Technique: Knife Aid uses an air-cooled belt sharpener. While this can be used for culinary knives, this type of sharpener is also often used for sharpening tools, due to the fast and destructive nature of the belt sanding process. Air-cooling is also less efficient than water-cooling, which could lead to overheated knives, resulting in loss of knife temper. (Tempering is a step in knife manufacture that involves heating and holding a blade at a high temperature for 2+ hours) While a properly tempered blade will both hold a sharp edge and retain strength and flexibility, ruined temper results in brittle blades that dull quickly.  

Results: On chef Arturo’s first inspection in the ICE lab, something caught his eye. “I can see that there are a couple of actual divots, and I can feel the burr on the other side—whoever sharpened this didn’t do a very good job.” My untrained eye had a similar reaction when I opened up the Knife Aid knives at home: my stomach sank. The cutting edge of three knives bowed out at the center and inward at the heel, creating what’s called a “swale”. To confirm this, chef Arturo placed the blade on a cutting board, sharpened edge down. “See how the shadow bends away at the ends? Unevenly timed strokes. It adds too much curvature.”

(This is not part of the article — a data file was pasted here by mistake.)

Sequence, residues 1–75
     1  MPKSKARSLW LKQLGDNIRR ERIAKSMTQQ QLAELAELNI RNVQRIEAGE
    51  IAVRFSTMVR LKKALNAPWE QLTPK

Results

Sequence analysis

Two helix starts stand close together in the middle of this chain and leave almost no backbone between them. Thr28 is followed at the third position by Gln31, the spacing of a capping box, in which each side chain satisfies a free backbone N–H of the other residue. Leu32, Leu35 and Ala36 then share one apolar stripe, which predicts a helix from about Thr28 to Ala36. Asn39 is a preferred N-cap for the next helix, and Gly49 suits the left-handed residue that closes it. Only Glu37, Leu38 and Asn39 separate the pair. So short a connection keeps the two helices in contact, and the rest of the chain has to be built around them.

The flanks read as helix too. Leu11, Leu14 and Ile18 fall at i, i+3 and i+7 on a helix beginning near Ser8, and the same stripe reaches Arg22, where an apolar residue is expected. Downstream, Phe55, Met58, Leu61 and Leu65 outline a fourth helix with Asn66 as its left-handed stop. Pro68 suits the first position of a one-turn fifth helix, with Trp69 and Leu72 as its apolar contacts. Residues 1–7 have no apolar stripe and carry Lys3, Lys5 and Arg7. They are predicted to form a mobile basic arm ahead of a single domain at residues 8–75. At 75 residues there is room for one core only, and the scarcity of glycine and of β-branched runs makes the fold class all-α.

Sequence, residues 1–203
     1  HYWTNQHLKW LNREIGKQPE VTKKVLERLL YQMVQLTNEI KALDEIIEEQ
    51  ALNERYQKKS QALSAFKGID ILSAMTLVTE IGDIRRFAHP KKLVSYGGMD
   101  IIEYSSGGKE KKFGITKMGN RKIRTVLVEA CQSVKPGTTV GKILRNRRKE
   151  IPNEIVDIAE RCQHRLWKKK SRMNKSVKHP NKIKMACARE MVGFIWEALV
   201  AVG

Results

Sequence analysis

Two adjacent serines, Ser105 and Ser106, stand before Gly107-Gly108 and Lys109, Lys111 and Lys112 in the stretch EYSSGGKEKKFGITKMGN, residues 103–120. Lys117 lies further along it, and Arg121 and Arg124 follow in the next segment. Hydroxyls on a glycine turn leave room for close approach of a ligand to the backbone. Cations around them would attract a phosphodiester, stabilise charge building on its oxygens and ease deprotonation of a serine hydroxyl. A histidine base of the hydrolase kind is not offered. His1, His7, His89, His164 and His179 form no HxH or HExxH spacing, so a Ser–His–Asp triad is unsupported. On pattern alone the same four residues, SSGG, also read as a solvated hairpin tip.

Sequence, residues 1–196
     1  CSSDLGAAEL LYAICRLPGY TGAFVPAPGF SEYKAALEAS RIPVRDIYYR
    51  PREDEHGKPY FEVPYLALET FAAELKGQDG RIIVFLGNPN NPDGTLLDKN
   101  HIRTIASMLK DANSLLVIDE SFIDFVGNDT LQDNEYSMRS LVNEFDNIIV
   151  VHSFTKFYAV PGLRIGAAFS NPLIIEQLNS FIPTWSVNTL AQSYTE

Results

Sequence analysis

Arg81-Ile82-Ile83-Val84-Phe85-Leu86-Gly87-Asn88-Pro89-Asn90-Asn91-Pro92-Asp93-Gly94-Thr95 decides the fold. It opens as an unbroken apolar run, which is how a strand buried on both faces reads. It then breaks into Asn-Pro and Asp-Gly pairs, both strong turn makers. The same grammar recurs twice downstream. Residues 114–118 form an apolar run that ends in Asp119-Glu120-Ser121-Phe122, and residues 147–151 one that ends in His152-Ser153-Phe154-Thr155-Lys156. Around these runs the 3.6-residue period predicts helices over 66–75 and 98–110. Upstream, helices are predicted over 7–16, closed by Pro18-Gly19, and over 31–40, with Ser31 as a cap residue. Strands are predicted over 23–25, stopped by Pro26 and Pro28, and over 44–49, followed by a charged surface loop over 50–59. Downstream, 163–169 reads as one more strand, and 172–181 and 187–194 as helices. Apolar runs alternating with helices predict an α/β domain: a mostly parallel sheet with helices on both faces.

The problem with this, Arturo explained, is that you then have to make additional effort to rock the knife backward, rather than just down, to cut all the way through. Ideally, you want the tip of the knife to slope into a straight cutting edge meeting the heel at 90 degrees, allowing for maximum surface contact with the cutting surface. (Otherwise you end up with what Arturo calls “accordion scallions,” where the knife doesn’t cut all the way through and the scallions won’t separate.) The third issue Arturo identified was that “they didn’t even sharpen the tip, which is one of the most important parts of a knife in fine knifework!” Arturo’s ultimate assessment? “This is garbage, unusable.”  

Features to Keep in Mind When Searching for a Knife Sharpening Service

Online vs. In Person

Online knife sharpening services offer the convenience of not having to leave your home, but you have to request the mailer, wait for it to arrive (in the case of KnifeFlight and Knife Aid), ship the knives, and wait for them to come back. This could take well over a week. With Korin you don’t have to wait for the mailer, but their turnaround time is longer. While Sur La Table and other brick-and-mortar stores are the fastest option, they do require multiple trips.

Cost

Professional knife sharpening services range from $5 per blade to upwards of $20 per blade. The disparity isn’t significant if you’re just sharpening a couple of knives that you really care about, and we think it’s worth the investment, but if you are sharpening a lot of knives or are cost-conscious, the budget options (like Sur La Table) are entirely satisfactory.